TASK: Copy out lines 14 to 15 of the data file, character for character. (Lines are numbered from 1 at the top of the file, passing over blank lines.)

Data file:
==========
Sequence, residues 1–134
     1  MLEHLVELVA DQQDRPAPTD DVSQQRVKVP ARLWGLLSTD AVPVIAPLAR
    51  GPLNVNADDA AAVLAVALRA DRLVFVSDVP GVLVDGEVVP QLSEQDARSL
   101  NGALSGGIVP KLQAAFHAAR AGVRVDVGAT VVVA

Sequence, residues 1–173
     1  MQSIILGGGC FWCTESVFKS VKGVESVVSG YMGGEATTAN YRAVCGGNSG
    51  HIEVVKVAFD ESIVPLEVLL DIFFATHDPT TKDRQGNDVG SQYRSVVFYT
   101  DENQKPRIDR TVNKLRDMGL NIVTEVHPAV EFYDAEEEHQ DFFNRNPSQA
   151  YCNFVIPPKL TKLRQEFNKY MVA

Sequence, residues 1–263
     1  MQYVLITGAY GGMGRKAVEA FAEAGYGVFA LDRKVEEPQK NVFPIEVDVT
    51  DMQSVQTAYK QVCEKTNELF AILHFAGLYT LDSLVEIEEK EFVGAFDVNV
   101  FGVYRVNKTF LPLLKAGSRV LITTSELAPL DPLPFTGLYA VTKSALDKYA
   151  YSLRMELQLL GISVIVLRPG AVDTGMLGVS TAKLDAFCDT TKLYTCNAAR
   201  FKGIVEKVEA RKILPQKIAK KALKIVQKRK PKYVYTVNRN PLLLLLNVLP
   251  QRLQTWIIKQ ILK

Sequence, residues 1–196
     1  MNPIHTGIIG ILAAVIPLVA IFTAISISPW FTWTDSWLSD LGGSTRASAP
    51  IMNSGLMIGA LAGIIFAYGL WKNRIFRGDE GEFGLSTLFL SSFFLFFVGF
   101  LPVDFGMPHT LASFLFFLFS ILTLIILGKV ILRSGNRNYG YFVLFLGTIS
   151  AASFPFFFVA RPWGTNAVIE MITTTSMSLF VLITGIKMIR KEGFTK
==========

   151  YSLRMELQLL GISVIVLRPG AVDTGMLGVS TAKLDAFCDT TKLYTCNAAR
   201  FKGIVEKVEA RKILPQKIAK KALKIVQKRK PKYVYTVNRN PLLLLLNVLP